Here's the necklace in more detail - $10 from the Sally Army.

Friday, September 18, 2009

You remember a while back I said I had a few things to fix. Well, I've been fixing them. First up, my coffee cup jacket (McCalls 5327 now OOP)- you may recall me griping that the pattern was printed with no roll line, so that after I had done my adjustments to the bodice I had no idea where the lapel ended. I made a guess, and my guess was wrong. It just never sat flat. So I went back to the lovely ladies in the Bernina shop, bought a second button, put a new buttonhole 2 inches above the previous button hole and now we have a jacket which sits as the pattern originally intended. Here it is, ready for a life of grime.

Then there was this jacket (a now OOP butterick pattern). Made several years ago actually, and abandonned because of the step-pet. My husband had a cat and when I came into his life I faced some pretty stiff competition on the home front. This jacket, being a cotton velveteen, was definitely the loser and it became a virtual duster for her long hair. The other reason I abandonned it was the shoulder, which I had set using the gathering threads method and there it sat on my shoulders calling "home made" through puckered lips.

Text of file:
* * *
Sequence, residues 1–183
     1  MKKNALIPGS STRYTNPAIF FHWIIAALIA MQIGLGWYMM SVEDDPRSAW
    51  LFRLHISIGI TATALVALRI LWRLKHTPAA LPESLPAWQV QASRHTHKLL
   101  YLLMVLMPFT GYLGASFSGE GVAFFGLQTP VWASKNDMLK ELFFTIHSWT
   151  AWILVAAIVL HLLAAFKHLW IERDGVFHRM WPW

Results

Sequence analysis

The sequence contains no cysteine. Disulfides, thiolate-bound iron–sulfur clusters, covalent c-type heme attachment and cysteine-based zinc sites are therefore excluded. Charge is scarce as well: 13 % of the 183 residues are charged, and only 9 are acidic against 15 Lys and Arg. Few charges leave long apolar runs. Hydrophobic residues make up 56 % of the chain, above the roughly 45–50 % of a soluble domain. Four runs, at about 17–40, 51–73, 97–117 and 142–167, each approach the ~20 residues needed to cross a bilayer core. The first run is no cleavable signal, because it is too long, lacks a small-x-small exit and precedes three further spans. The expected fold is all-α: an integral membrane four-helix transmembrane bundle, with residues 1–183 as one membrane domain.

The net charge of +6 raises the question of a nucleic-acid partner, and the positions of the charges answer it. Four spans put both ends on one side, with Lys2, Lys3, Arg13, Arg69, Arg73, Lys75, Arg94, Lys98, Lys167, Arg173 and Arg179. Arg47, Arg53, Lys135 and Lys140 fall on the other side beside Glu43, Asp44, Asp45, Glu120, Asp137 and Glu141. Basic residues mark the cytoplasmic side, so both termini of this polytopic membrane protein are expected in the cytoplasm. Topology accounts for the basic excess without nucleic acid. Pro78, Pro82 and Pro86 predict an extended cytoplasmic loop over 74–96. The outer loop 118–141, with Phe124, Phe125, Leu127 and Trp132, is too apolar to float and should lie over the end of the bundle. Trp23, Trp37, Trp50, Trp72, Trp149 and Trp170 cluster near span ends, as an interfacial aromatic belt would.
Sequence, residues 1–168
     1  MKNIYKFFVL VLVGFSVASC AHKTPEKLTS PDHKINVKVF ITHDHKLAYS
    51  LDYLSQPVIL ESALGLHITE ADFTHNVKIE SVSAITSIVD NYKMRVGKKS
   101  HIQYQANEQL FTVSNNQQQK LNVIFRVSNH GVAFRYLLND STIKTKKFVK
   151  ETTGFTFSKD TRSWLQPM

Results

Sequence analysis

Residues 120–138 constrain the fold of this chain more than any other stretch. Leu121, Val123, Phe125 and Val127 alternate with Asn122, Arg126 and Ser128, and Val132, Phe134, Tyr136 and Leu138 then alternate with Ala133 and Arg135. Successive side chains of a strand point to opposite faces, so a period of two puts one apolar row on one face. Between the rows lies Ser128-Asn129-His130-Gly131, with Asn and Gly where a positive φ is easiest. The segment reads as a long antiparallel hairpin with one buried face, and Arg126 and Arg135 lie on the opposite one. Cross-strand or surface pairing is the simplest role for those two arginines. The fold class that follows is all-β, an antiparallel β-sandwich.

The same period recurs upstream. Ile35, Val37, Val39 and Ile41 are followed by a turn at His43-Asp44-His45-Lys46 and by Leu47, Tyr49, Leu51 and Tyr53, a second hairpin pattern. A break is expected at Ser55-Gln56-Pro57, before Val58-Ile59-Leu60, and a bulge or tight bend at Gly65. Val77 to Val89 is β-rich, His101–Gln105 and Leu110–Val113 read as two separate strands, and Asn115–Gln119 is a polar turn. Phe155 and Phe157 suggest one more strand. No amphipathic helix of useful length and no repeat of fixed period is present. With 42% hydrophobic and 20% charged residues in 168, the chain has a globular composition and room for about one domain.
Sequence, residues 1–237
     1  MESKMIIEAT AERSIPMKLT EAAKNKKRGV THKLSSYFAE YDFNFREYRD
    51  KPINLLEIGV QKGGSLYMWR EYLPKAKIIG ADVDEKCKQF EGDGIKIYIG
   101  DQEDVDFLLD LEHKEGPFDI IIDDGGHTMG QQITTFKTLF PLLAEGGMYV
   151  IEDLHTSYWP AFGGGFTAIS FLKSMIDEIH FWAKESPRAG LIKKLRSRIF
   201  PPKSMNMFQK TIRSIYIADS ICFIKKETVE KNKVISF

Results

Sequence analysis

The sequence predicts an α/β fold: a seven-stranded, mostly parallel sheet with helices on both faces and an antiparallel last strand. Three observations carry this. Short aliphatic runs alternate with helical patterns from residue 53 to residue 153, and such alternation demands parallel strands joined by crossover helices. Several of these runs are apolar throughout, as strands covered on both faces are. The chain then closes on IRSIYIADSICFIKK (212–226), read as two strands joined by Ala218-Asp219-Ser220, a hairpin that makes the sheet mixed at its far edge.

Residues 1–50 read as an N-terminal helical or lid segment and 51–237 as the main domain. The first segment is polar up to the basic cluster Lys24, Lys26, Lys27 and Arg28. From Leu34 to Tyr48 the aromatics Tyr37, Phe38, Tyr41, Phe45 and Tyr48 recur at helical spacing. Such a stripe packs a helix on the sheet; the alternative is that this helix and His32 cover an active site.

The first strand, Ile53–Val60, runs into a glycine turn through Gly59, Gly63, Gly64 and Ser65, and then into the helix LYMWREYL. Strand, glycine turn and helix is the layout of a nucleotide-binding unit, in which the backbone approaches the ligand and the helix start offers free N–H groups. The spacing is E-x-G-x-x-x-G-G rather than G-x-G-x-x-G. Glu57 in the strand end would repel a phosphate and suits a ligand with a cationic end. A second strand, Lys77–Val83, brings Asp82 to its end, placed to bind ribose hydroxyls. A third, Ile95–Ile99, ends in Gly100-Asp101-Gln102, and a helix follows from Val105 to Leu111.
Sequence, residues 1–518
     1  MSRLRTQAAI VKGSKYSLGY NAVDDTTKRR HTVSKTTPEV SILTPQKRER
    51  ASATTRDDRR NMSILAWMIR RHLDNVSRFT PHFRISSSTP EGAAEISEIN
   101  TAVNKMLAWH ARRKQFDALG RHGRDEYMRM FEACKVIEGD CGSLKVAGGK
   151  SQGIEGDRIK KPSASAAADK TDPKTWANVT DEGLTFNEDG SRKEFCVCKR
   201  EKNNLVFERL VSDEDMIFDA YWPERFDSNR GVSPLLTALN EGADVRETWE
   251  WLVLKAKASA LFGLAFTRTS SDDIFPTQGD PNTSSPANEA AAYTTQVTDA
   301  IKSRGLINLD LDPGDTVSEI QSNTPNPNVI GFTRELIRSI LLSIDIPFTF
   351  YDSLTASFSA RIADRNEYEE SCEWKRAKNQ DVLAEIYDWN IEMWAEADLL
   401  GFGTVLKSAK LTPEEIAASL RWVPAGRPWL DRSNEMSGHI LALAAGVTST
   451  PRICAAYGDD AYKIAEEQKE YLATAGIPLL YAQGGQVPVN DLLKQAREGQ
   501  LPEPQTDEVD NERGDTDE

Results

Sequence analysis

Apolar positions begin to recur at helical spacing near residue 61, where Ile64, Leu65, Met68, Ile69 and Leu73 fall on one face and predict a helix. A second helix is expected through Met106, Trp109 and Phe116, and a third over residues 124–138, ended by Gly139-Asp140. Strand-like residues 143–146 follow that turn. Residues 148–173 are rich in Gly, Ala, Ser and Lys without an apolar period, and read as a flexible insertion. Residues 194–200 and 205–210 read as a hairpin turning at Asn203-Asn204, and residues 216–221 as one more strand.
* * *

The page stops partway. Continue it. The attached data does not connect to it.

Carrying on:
Since then of course, I mastered the jiggery pokery method of easing in a sleeve without gathering threads and this jacket got the resetting treatment, and with the sad (for my husband) demise of his cat, this jacket can now come out again to play. (the fantail broach is from Toast and Cupcakes and I love the way it looks like a bird is perched on my shoulder)